"Fracking Vs. The Drought: They Call It Texas Tea, But You Can’t Drink Oil"
How dry is it in Texas? So dry some residents are wishing for a hurricane to replenish the aquifer. So dry that many Texans are now against using water to frack for oil, which is famously called Texas Tea.
Every fracking job requires several million gallons of water. “Only about 20 percent to 25 percent on average of the water is recovered, while the rest disappears underground, never to be seen again.” Fracking is probably not the wisest use of water anywhere, but in a drought it’s downright self-destructive.
In one South Texas county, fracking was nearly one quarter of total water use in 2011, a fraction that is expected to hit one third soon. The Texas Water Development Board estimates frackers used 13.5 billion gallons water used in 2010, a number they project to more than double by 2020!
Back in June, CP’s Tom Kenworthy reported on a Ceres study of 25,000 shale oil and shale gas wells that found nearly half these wells were in places “with high or extremely high water stress” because of large withdrawals for use by industry, agriculture, and municipalities. In Texas more than half were in high or extremely high water-stress areas.
Of course the warming-worsened drought in Texas has left much of the state parched. The town of Barnhart actually ran out of water. And the Texas Commission on Environmental Quality projects some 30 communities could run out of water by year’s end.
Last week I reported that drought-stricken New Mexico farmers were so desperate for income they were draining their aquifer to sell water for fracking. Now the UK Guardian reports that the Texas “fracking boom sucks away precious water from beneath the ground, leaving cattle dead, farms bone-dry and people thirsty”:
Ranchers dumped most of their herds. Cotton farmers lost up to half their crops. The extra draw down, coupled with drought, made it impossible for local ranchers to feed and water their herds, said Buck Owens. In a good year, Owens used to run 500 cattle and up to 8,000 goats on his 7,689 leased hectares (19,000 acres). Now he’s down to a few hundred goats.
The drought undoubtedly took its toll but Owens reserved his anger for the contractors who drilled 104 water wells on his leased land, to supply the oil companies.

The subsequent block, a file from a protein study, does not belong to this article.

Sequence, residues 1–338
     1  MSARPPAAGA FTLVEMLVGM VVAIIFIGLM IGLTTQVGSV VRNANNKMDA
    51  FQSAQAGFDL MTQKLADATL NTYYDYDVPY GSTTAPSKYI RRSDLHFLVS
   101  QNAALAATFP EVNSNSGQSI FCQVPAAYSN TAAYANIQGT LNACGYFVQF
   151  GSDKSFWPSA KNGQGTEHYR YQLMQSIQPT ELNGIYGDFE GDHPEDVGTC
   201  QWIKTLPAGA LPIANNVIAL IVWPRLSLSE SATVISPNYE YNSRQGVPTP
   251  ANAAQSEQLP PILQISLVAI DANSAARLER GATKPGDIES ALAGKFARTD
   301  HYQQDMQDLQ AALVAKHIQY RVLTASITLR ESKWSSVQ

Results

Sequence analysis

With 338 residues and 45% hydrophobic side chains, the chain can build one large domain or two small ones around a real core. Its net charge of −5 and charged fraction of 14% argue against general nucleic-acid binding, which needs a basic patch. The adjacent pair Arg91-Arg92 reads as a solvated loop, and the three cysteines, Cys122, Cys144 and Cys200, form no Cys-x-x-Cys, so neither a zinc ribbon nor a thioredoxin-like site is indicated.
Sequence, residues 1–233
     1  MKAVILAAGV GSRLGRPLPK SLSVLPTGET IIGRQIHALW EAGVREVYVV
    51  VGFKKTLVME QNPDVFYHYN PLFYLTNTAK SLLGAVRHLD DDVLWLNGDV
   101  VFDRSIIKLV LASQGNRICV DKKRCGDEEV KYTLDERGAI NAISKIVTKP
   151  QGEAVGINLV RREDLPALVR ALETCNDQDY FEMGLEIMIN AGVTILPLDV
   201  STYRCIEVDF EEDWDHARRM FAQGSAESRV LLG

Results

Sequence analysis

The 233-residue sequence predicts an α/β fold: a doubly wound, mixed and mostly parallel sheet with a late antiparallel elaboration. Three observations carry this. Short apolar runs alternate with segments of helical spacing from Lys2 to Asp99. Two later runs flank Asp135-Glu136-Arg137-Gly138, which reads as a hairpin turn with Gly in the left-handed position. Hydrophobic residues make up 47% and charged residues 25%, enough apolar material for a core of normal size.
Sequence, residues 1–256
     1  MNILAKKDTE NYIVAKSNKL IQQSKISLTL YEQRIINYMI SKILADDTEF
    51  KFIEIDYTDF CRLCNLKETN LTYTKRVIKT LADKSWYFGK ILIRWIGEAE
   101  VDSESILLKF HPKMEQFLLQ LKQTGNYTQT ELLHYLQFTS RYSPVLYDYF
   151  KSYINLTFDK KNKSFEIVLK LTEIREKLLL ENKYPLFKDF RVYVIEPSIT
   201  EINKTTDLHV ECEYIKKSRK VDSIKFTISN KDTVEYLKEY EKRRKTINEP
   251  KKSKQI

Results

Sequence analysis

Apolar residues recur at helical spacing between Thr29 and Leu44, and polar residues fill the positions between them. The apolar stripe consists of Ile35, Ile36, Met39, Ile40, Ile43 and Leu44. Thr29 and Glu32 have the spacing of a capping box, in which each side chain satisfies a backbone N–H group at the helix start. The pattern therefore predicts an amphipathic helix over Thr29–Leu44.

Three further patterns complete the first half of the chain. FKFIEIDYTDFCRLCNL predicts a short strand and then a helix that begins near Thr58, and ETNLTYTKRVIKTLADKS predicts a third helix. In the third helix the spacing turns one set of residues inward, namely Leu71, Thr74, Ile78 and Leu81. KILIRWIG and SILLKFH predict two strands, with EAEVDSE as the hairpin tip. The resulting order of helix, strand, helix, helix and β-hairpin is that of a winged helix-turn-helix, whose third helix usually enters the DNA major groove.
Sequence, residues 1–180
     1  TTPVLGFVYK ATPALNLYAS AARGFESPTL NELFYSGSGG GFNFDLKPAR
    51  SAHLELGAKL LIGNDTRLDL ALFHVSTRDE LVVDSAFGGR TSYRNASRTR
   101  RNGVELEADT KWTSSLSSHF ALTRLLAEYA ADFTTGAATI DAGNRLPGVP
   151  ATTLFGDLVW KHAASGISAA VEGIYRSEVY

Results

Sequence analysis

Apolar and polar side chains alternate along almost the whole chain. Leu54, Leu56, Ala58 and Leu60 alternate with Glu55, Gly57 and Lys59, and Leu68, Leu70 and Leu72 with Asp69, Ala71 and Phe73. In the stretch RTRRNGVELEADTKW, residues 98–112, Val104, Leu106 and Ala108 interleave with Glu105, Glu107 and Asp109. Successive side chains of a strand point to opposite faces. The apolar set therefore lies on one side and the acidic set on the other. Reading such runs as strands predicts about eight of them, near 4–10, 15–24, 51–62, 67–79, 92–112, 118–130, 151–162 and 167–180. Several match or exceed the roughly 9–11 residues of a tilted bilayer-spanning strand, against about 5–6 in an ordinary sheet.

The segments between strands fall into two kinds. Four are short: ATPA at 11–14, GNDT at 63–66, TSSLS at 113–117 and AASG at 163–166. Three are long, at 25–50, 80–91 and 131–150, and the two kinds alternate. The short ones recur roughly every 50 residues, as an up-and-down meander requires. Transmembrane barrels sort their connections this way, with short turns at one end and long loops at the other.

Water levels were dropping in his wells because of the vast amounts of water being pumped out of the Edwards-Trinity-Plateau Aquifer, a 34,000 sq mile water bearing formation.
“They are sucking all of the water out of the ground, and there are just hundreds and hundreds of water trucks here every day bringing fresh water out of the wells,” Owens said.
And this occurs even as “Nearly 15 million people are living under some form of water rationing, barred from freely sprinkling their lawns or refilling their swimming pools.” As you can imagine, this doesn’t sit well with many Texans. Glenda Kuykendall, whose trees are dying because she can’t water them, complains “The state is mandating our water system to conserve water but why?… Getting one oil well fracked takes more water than the entire town can drink or use in a day.”
It may be called Texas tea, but you can’t drink it (h/t FreakingNews.com for the above image). Of course, you can burn more of it to import water:
Other communities across a bone-dry south-west are resorting to extraordinary measures to keep the water flowing. Robert Lee, also in the oil patch, has been hauling in water by tanker. So has Spicewood Beach, a resort town 40 miles from Austin, which has been trucking in water since early 2012.
The epic tragedy is that most of the water used for fracking is not recoverable, and the fossil fuels being unsustainably extracted with dwindling water supplies are only speeding up the day when the droughts become permanent and the land turns into a Dust Bowl.
West Texas has a long history of recurring drought, but under climate change, the south-west has been experiencing record-breaking heatwaves, further drying out the soil and speeding the evaporation of water in lakes and reservoirs. Underground aquifers failed to regenerate. “What happens is that climate change comes on top and in many cases it can be the final straw that breaks the camel’s back, but the camel is already overloaded,” said [Texas climatologist Katharine Hayhoe].
Recent rains in Texas haven’t changed the picture much. “We’ve got to get floods. We’ve got to get a hurricane to move up in our country and just saturate everything to replenish the aquifer,” said Owens. “Because when the water is gone. That’s it. We’re gone.”